For centuries, voting rights were limited to wealthy elites, aristocrats, and landlords. For instance,  the electorate in England and Wales in 1780 consisted of less than 3% of the total population. Suffrage reforms, enacted during the late 19th and the 20th … Continue reading

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Rise like Lions after slumber in unvanquishable number, Shake your chains to earth like dew… Ye are many — they are few.

The political poem “Mask of Anarchy” was written by Percy Bysshe Shelley, following the Peterloo Massacre in 1819 when pro-democracy and anti-poverty protesters in Manchester were brutally dispersed by armed cavalry. This is a powerful call for freedom, political representation and … Continue reading

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Herbert Marcuse: Power of Repressive Tolerance

Herbert Marcuse‘s resonant and insightful words: “In the contemporary period, the democratic argument for abstract tolerance tends to be invalidated by the invalidation of the democratic process itself. The liberating force of democracy was the chance it gave to effective dissent, … Continue reading

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The “responsible”, the “irresponsible” and the Political Economy of the Sovereign Debt Crisis

There are “irresponsible” countries (Greece, Ireland, Italy, Portugal and Spain) which caused the current crisis; and there are “responsible” governments (Germany), which for some reason are asked to repay others’ debts and have the right to refuse to bail “irresponsibles” out and to insist the … Continue reading

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From Socialism to Neoliberalism: the case of Central Eastern European countries

The transition from communism or socialism to capitalism has proved to be a rockier road than many in the West (think of Fukuyama as an example) anticipated. The degree and character of challenges that countries faced during the transition depended … Continue reading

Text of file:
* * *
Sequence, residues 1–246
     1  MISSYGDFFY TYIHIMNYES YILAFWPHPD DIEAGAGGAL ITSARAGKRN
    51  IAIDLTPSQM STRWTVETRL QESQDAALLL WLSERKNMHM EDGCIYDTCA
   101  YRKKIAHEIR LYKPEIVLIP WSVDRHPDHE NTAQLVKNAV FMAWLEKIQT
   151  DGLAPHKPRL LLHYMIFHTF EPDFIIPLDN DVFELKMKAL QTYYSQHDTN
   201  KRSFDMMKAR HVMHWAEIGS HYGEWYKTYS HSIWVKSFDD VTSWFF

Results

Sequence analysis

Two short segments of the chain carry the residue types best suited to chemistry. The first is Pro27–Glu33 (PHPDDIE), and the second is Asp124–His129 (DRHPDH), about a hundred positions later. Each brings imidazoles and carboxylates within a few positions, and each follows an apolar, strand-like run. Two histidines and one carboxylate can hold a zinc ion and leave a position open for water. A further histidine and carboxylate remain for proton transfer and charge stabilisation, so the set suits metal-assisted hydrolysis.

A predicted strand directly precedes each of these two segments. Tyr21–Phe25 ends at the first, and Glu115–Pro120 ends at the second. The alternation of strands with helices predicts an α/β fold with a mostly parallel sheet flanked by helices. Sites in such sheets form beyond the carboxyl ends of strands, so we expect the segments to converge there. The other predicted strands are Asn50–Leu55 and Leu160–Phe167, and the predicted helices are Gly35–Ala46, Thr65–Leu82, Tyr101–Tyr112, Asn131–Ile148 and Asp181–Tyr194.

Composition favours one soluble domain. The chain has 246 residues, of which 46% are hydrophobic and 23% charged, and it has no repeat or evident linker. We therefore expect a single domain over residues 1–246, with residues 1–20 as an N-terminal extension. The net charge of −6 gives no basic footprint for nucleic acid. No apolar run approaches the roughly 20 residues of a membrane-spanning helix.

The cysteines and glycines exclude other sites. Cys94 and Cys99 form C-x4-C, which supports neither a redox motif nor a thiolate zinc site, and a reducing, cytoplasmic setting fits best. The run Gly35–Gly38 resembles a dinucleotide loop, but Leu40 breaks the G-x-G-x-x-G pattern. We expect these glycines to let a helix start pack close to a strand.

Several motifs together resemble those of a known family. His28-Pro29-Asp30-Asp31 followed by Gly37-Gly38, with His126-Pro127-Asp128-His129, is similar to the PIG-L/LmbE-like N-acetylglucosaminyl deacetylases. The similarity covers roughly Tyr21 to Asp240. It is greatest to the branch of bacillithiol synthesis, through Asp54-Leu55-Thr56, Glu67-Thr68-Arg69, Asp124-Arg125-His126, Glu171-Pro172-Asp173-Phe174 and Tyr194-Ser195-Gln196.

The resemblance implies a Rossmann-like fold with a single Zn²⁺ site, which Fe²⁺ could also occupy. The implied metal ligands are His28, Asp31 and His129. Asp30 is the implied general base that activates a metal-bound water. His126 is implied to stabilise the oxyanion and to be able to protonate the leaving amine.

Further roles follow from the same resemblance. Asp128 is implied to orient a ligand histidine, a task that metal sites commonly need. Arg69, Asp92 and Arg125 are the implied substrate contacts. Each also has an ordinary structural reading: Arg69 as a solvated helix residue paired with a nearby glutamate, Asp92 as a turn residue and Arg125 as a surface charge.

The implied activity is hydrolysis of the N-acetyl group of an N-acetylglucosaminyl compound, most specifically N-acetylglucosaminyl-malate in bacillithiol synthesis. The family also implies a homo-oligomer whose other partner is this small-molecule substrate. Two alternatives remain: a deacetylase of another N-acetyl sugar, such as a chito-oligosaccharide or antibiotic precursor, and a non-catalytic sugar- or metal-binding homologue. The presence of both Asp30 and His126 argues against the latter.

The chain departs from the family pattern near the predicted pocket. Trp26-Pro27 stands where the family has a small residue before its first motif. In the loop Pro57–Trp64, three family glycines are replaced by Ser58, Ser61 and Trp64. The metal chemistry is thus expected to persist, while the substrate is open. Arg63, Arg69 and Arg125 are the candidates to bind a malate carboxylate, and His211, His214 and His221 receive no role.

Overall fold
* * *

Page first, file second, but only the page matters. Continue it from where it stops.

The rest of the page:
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The original email that started Occupy Wall Street

On September 17, 2011 thousands of women and men gathered in Zuccotti Park, located in New York City’s Wall Street financial district.  It was a day when Occupy Wall Street (#OccupyWallStreet) movement was publicly born, gradually receiving global attention and spawning the … Continue reading

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The Value of Nothing and Market Society

In The Value of Nothing: How to Reshape Market Society and Redefine Democracy, an award-winning academic and activist Raj Patel (University of Texas) reveals the hidden ecological and social costs of a hamburger (as much as $200), and asks how we … Continue reading

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Neoliberalism’s War on Higher Education: the modes of material and symbolic violence undermine public pedagogy and democracy

This important and accessible book is about how policies and modes of material and symbolic violence radically reshape the mission and practice of higher education and its institutions, short-changing a young generation suffering from – and coping with – precarity. … Continue reading